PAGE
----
The Double Dip Writing Strategy For Making Money


The “Double Dip” Strategy For Making Money With Your Writing

One of the drawbacks of providing a service like writing, compared to many other methods of earning money online, is the fact that you’re trading time for money. No matter how fast you can write, and how much you charge for your services, there is a limit to how much you can make. In this article we’re going to look at my “double dip” strategy to make your writing more profitable.

The basic strategy here is to retain the right to use what you write for your own purposes. When a client hires you to write a report, articles, an ebook or anything else, you both get the right to use that content.

Your client can use it however they want - web content, for sale, giveaway reports, etc. - and you can do the same.

The catch here is you give your client a certain amount of time when they have exclusive rights to it, say 60 or 90 days. So when you deliver the writing to them, they can sell it or do anything else without having to worry about any competition from you.

After that exclusivity period ends, you can then use it as well. This not only gives you the ability to generate more revenue from that writing, it also gives your clients an incentive to use it right away.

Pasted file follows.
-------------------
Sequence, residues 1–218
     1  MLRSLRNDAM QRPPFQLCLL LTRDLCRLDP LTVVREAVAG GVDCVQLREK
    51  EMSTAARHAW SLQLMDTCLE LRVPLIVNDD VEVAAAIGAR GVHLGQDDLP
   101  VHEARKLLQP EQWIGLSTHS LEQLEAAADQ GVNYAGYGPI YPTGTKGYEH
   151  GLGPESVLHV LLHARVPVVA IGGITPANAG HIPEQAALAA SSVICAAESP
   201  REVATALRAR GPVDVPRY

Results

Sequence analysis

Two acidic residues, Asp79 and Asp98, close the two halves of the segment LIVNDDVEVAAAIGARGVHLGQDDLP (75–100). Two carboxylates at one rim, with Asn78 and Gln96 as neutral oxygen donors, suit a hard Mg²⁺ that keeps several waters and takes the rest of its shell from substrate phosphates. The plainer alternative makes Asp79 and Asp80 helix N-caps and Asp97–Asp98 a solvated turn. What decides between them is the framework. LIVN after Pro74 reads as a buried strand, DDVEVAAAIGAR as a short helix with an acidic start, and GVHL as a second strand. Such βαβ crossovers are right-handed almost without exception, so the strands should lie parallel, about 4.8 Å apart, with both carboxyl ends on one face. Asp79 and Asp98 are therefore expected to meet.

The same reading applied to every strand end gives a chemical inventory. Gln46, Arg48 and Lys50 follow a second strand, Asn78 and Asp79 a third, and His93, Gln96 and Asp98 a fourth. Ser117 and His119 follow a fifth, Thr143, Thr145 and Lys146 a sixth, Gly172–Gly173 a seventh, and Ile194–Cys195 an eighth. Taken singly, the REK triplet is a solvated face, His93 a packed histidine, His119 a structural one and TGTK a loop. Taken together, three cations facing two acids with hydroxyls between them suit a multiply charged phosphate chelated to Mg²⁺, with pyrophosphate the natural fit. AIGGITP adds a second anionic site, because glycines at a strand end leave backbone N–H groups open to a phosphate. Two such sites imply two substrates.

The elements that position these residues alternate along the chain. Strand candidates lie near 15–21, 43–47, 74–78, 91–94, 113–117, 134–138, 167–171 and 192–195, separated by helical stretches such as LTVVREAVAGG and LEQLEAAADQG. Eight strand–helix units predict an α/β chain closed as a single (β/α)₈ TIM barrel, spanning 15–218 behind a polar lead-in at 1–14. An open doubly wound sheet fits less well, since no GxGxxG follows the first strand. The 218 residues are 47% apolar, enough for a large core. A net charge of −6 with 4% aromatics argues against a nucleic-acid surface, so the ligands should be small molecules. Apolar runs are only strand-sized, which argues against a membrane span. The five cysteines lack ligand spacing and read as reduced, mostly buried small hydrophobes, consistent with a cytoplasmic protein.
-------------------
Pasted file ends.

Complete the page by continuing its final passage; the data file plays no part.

There are a couple of things that will make this strategy work more effectively. First, you should agree that you won’t give the content away or use it in any way that would undercut your client. If they want to sell the ebook, you shouldn’t give it away or charge less than they do. Otherwise you’re going to find it harder to find clients interested in this deal.

The second component to making this as effective as possible is charging less for this type of writing project than you would for writing that was for your client’s exclusive use.

For example, if you were writing a 2,500 word report for them you might charge $50 for shared rights (2 cents per word) versus $100 for exclusive rights (4 cents per word). You would adjust those prices according to what you charge, of course, but getting a deal on your writing is part of the incentive to get your clients to sign up for this type of shared content offer.


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